A Letter to your Future Agent

Dear Him/Her/Them/You:

Before we knew each other, I shaped you into a complex character because that’s how we writers deal with agent querying. Even memoirists create a kind of life to live in when faced with the business side of writing. Dream sequences. Reliable narrators. End on an up note.

I imagined your office was in a pre-war, West Village brownstone off Hudson, even though most of the publishing world speed walks in the 20s crosstown between 5th and 6th Avenue. Manuscript pages whirled in the air as you released each loose leaf from your hands after reading them. Authors stopped by after midnight for advice and fell asleep on your Perla tufted sofa, intoxicated from the scent of cherry red markups and pink eraser dust. You dragged a landline phone cord over stacks of books that measured up to your waist while talking me out from underneath five thousand line notes crowding my brain. You waved your pen like a conductor and my book was submission ready. I was enchanted by the notion of you as a romantic bibliophile, a protective lion or lioness, a guardian angel. Continue reading

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It’s Blitzing Time!

by Ramona Pilar

With August gone and September already begun, we’ve reached the time of year for Women Who Submit’s annual SUBMISSION BLITZ (*pewpew*)! For the fourth year in a row, women across the country – nay, all over the world – are encouraged to flood top-tier journals with their fiction and nonfiction prose and poems.

The annual Submission Blitz is one of a plethora of actions Women Who Submit takes to work towards equity in the publishing world. These in-person gatherings give us a chance to celebrate each other and our commitment to our work, and ourselves because writing is hard. And discipline is hard. Staying the course against outer and inner obstacles is hard. So what better way to honor making it another whole trip around the sun as a writer, than to get together around food and drink, and WOO-HOO each other as we send out best work out to the mero-meros, the crème de la crème, the top-tier journals and shake up their slush pile! Continue reading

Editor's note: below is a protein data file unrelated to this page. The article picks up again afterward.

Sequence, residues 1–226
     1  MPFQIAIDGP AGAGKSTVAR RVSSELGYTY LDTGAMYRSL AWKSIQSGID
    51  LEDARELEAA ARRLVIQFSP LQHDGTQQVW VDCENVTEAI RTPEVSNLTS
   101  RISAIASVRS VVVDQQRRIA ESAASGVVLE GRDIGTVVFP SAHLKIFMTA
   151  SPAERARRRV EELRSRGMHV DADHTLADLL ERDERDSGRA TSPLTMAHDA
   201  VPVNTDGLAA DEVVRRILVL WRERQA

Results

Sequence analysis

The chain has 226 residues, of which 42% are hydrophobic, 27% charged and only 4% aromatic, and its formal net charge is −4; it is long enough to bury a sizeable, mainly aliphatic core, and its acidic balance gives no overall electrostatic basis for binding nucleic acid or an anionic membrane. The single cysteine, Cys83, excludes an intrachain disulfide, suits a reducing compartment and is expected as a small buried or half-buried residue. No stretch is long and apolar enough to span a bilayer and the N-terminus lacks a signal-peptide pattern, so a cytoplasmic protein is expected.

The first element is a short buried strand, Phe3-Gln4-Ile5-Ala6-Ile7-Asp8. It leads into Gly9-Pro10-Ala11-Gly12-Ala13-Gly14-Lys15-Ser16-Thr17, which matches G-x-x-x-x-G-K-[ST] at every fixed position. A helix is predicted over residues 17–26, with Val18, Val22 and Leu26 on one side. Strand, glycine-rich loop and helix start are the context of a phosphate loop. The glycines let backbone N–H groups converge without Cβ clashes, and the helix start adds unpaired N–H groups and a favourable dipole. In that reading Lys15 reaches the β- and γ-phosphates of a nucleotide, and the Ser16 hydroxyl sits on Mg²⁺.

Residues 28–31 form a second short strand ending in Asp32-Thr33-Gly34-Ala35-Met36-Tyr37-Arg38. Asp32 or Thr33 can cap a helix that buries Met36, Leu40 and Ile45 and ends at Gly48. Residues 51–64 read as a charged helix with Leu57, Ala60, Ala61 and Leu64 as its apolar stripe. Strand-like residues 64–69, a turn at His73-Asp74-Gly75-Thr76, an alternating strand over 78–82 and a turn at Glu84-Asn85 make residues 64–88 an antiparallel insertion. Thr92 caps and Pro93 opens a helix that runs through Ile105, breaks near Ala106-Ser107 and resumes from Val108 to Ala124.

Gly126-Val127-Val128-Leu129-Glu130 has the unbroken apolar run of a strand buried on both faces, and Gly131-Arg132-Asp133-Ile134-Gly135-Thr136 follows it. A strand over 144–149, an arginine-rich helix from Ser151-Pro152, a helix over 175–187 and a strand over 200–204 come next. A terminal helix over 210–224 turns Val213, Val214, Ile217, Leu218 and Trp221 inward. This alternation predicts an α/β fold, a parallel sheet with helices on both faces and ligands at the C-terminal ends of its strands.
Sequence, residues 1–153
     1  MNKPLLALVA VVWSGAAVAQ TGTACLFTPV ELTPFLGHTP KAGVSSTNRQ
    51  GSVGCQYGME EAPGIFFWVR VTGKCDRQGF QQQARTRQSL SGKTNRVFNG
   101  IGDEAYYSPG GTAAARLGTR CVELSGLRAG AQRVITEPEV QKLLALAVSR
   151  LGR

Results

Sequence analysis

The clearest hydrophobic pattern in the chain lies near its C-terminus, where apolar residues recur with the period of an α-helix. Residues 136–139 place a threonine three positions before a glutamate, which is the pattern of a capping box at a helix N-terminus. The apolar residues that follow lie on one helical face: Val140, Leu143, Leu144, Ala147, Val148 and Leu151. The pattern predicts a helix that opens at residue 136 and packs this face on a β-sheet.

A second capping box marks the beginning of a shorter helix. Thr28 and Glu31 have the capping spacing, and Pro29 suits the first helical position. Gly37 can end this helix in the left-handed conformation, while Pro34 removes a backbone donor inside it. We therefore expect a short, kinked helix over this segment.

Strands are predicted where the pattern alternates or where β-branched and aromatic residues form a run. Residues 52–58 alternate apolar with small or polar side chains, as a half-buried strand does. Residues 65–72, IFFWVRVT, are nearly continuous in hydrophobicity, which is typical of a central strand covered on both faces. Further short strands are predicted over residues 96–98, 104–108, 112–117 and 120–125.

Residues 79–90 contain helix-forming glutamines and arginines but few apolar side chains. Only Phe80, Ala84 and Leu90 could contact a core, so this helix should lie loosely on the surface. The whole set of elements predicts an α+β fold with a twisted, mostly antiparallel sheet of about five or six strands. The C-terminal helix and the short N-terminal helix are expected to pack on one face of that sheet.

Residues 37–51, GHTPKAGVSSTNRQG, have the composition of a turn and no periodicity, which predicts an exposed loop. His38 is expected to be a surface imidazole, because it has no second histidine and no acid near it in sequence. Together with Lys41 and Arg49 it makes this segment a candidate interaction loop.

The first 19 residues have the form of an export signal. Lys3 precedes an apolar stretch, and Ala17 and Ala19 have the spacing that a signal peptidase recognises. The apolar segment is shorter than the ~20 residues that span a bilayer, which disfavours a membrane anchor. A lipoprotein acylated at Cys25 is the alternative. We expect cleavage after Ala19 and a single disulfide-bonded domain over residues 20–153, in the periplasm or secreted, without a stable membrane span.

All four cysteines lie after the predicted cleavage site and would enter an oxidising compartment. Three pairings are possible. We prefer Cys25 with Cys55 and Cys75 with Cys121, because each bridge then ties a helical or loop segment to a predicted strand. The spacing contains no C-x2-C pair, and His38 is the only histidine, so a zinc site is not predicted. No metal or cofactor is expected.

A WWS PUBLICATION ROUND UP FOR AUGUST

August was one of the busiest months on record for WWS publications. Settle in, the list is long. Congratulations to all the WWS members who had work published in August:

From Antonia Crane‘s “Stripped Bare: How I Told My Mom I Was a Stripper” at Lenny Letter:

My mom knew I’d quit doing the drugs that made me paranoid and skinny because I’d started returning her phone calls again. She also knew about my bisexuality because I’d brought my girlfriend, Austin, home one Christmas. The two of them sat close, sipped whiskey-Cokes, and giggled while Mom’s cheeks turned rosy. “I always thought being bisexual would be the best of both worlds,” she said. She knew I struggled financially and that I was in AA, too, but she didn’t know I’d slinked away from our small town to be a sex worker. Would she be ashamed of me if I told her? Would she stop loving me? Continue reading

Behind the Editor’s Desk: Joanna C. Valente

By Lauren Eggert-Crowe

Are you a witch?

Do you have a dark, strange story or poem looking for a home?